I’ve been curious about the Miss Read books and was so pleased when Village School was lucky number #5 on my Classics Club Spin List. It tells the story of the small village of Fairacre, England, as narrated by the school mistress of the local, two-room elementary school, aka “Miss Read”.
Set right after World War II, the book begins on the first day of school with all the anticipation and excitement felt by the two teachers and their students. The story unwinds in a series of slice-of-life vignettes that follow the school year. Miss Read has a knack for creating evanescent moments: children making straw bunches for the harvest festival; strained conversation while drinking tea in a dusty sitting room; an evening of skating on the local pond lit up by a farmer’s lorry (truck) headlights.
Throughout the book I had that wistful feeling of the passing of time, for example this lovely summer afternoon:
“We were disposed at the edge of the half-cut field under the elm trees’ shade. The air was murmurous with the noise of the distant cutter and with myriads of small insects. Far away the downs shimmered in the heat, and little blue chalk butterflies hovered about us … the children sat or lay in the grass with their books propped before them. Some read avidly … But others lay on their stomachs, legs undulating, with their eyes fixed dreamily on the view before them, a grass between their lips, and eternity before them. … When these boys and girls are old and look back to their childhood, it is the brightest hours that they will remember. This is one of those golden days to lay up as a treasure for the future, I told myself, excusing our general idleness.”
The author, whose real name is Dora Jessie Saint, taught school for many years, and the Fairacre novels are fictionalizations of her own experiences—much like James Herriot’s books.
Village School is a delightful, cosy, and relaxed read. That’s not to say that it is sugar-coated. The thatched cottages look pretty, but inside they are dark and damp, with no plumbing or drainage. Likewise the narrative touches on difficulties such as a drunkard father, a boy who has no dinner (lunch) money, and the formidable test that decides the educational fate of 11-year-olds. Miss Read empathizes with her students and neighbors, especially the grubby but beguiling Joseph Coggs. Overall, however, the book is upbeat and highlights the charm of village life. The school janitor (who has laid out all the courses) has a role of prominence at the summer sports day, walking about in a blue serge suit with the vicar.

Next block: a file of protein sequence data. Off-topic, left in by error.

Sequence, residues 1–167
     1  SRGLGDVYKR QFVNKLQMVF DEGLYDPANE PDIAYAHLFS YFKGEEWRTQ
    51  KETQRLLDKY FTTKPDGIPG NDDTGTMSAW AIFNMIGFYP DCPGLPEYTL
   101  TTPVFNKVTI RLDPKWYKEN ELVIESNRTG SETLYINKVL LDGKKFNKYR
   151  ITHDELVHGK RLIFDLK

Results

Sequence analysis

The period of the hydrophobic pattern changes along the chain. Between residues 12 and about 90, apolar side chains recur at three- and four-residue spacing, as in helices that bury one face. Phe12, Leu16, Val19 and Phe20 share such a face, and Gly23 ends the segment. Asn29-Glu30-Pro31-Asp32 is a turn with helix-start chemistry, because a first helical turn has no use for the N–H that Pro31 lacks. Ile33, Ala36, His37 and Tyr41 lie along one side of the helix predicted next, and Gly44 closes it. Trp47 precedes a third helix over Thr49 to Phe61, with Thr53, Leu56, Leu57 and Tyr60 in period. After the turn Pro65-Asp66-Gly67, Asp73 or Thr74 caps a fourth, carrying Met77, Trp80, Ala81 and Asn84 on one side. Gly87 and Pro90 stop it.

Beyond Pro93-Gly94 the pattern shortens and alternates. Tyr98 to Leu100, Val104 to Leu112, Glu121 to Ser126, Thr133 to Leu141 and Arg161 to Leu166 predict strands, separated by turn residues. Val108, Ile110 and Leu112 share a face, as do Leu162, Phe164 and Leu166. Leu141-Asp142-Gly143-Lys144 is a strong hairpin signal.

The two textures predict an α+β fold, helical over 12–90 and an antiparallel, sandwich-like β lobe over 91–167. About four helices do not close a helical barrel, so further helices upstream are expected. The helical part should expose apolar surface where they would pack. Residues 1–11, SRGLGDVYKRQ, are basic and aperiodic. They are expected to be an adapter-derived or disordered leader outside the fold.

My one serious complaint is that the “n-word” jumped off page 135, which was shocking and, honestly, somewhat horrifying. Miss Read uses it to describe how hard one of her students is studying. This was especially jarring given the comforting cadence of the prose.
Back in 1939, Agatha Christie had a book with the “n-word” in its title, although when it was released the next year in the U.S., the title was changed to And Then There Were None. The UK version adopted the latter title by the 1980s. Village School was published in 1955, and my edition was reissued in 2001. So it seems even more egregious that this has not been addressed.
That aside, I found this a charming book, and I think the many Fairacre sequels will be perfect reading for cold winter nights by the fire with a cup of tea.
To read other reviews from this CC Spin, check out @ourclassicsclub or #ccspin on twitter. Why not join us in the next Classics Club Spin?
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